1953 saw both the signing of the Korean Armistice Agreement and a Mutual Defense Treaty between the United States and the Republic of Korea. The uneasy and incomplete peace, coupled with a formalized U.S.-ROK security alliance relationship, ushered in a new era on the Korean Peninsula. 2013 marks the 60th anniversary of these pivotal events. At a recent Korean Studies Colloquium, 2013–14 Koret Fellow, Ambassador Kathleen Stephens, discussed the evolution of the bilateral alliance, its challenges and achievements, and major issues. Read more »
The Walter H. Shorenstein Asia-Pacific Research Center at Stanford University is pleased to announce its search for two 2014–15 Shorenstein Postdoctoral Fellows in Contemporary Asia-Pacific Studies. Read more »
Kathleen Stephens, former U.S. Ambassador to the Republic of Korea, will join the Korean Studies Program (KSP) at Stanford University’s Walter H. Shorenstein Asia-Pacific Research Center (Shorenstein APARC) as the program’s 2013–14 Koret Fellow. Read more »
Crumbled and languished health system in North KoreaKSP in the news: The Irrawaddy on June 25, 2013
Quoted recently in The Irrawaddy, Katharina Zellweger describes North Korea's health system, "Overall, it's a stark contrast between Pyongyang which is the window to the world for North Korea and the rest of the country."
Since its founding in 1999, SEAF has "brought Southeast Asia to Stanford, and Stanford to Southeast Asia" -- and it hopes to continue that mission in the years to come. Read more »
Since 2001, the Stanford Korean Studies Program has developed into a world-renowned center offering impactful programs addressing current, policy-relevant issues and events. Read more »
Shorenstein APARC postdoctoral fellowships offer recent graduates a year of "breathing space" at Stanford before they launch their academic careers. The Center looks forward to welcoming its latest group of extraordinary postdoctoral fellows this autumn. Read more »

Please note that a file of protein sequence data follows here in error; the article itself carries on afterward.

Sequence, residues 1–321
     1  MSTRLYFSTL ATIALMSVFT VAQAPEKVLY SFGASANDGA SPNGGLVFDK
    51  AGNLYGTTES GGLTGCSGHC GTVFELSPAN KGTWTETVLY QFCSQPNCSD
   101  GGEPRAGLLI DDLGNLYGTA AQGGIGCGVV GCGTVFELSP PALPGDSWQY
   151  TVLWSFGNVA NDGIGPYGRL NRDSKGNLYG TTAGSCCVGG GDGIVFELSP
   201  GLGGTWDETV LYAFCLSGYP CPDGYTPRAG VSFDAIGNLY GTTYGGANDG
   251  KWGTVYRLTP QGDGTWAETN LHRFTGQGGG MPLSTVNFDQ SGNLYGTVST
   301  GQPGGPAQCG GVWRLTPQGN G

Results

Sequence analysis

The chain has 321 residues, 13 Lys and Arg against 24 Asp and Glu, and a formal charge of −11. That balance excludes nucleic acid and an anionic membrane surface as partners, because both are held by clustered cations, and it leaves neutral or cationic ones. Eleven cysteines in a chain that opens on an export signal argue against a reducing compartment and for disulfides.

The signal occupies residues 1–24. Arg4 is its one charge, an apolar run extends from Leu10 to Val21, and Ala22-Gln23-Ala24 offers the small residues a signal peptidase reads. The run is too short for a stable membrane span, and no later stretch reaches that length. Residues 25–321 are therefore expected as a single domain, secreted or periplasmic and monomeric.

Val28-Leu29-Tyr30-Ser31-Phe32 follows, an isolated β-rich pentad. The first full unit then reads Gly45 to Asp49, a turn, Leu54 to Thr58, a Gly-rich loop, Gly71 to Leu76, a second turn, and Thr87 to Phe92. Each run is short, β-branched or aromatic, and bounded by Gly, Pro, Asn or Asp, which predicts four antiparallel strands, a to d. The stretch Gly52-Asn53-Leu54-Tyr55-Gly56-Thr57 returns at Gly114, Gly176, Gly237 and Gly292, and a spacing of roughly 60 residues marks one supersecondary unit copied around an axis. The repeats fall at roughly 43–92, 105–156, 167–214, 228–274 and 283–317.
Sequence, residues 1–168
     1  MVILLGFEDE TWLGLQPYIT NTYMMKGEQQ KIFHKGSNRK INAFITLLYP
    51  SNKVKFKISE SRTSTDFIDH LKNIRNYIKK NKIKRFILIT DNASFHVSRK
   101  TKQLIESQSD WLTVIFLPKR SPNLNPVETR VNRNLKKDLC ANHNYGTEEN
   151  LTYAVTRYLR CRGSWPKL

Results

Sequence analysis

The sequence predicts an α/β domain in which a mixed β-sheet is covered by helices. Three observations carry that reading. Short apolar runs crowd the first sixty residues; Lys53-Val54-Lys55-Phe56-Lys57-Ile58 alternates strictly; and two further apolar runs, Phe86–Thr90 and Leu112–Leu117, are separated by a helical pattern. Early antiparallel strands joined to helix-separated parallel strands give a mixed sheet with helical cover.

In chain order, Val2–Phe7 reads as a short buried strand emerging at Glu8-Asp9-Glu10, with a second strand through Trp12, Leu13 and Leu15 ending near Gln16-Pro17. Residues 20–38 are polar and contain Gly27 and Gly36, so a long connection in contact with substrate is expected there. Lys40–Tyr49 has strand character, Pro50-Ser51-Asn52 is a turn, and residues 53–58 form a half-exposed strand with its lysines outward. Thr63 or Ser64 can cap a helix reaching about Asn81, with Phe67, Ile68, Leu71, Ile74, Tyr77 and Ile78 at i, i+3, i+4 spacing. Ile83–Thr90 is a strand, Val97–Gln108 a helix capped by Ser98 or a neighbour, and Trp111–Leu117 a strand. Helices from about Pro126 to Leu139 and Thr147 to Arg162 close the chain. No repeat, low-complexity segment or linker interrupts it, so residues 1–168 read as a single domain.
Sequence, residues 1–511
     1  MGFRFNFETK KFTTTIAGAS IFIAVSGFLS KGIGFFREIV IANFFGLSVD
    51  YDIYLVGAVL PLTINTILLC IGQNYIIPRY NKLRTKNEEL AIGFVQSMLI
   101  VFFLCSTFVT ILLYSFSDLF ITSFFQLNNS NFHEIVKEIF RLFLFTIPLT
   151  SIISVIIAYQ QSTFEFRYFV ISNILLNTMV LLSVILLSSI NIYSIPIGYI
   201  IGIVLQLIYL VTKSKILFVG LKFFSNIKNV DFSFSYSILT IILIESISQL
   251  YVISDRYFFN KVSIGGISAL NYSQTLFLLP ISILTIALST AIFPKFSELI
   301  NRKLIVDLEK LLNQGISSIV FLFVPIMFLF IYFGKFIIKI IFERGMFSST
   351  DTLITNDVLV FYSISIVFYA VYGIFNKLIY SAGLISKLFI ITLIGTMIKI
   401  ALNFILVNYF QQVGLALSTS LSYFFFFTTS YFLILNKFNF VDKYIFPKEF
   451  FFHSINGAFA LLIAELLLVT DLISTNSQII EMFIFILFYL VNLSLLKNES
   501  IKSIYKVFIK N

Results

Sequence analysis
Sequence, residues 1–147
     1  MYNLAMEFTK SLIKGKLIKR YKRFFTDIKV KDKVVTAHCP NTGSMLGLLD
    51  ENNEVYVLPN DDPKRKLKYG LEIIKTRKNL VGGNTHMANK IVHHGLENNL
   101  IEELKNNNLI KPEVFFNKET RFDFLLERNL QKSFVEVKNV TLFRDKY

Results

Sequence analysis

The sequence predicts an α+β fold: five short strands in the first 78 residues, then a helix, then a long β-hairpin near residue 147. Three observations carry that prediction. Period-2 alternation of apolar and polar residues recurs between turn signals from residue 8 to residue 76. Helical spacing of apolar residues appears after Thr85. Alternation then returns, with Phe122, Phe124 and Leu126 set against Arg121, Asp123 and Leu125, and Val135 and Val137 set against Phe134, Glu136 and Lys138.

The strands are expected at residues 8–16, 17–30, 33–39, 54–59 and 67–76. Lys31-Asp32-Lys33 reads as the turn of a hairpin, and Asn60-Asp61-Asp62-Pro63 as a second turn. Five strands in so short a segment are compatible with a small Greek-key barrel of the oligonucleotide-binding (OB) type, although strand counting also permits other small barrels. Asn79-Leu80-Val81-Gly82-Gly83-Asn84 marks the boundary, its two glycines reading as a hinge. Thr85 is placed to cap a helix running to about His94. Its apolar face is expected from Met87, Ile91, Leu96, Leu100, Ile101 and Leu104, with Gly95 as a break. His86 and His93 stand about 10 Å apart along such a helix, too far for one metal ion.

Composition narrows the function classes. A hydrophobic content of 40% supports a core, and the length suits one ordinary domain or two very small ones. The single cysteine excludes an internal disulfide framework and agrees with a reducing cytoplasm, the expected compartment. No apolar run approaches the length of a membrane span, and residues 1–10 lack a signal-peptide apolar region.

Shorenstein APARC, FSI Stanford, AHPP Q&A
To their family members and to the Philippine government, Overseas Filipino Workers (OFWs) are the country's “new heroes.” Postdoctoral fellow Marjorie Pajaron talks about her research on the significant economic benefit of OFW remittances. Read more »
Shorenstein Postdoctoral Fellow wins dissertation awardKSP Announcement
Shorenstein Postdoctoral Fellow Jaeeun Kim’s dissertation Colonial Migration and Transborder Membership Politics in Twentieth-Century Korea has won the American Sociological Association's Theda Skocpol Award in the area of comparative and historical sociology.
This autumn, AHPP will welcome development and health economist Margaret Triyana as the 2013-14 Asia Health Policy Postdoctoral Fellow. Triyana will focus on analyzing the effects of rural-urban migration on children's health outcomes in China and Indonesia Read more »
Stopping ethnic violence in India begins with understanding the history behind it, says Ajay Verghese, a current Shorenstein Postdoctoral Fellow. His research explores the roots of conflict in two demographically similar regions of Rajasthan. Read more »
Tim Forsyth, a Lee Kong Chian Fellow, speaks about the gap between conservation efforts and economic and social development in Southeast Asia. Read more »
Shorenstein APARC, FSI Stanford, KSP Q&A
In the coverage of failed rocket launches and Kim Jong Un's new wife, North Korea's ordinary citizens are often overlooked. A new book by former British diplomat John Everard, delves into the daily life of North Koreans and examines the challenges of developing successful diplomatic relations with this isolated country. Everard spoke at Stanford on Oct. 26. Read more »
In-depth on life in North KoreaKSP in the news: NK News
John Everard spoke candidly with NK News about his experiences as UK ambassador to North Korea. In a related review, his new book, Only Beautiful, Please, is described as "a real commodity, offering an up to date snapshot of life on the ground."
The Asia-Health Policy Program (AHPP) is one of several Stanford organizations seeking solutions to major global health issues through a comparative study of the health policies of different countries. Visiting fellows and scholars from Asia play an integral part in AHPP’s research, publishing, and outreach activities. Read more »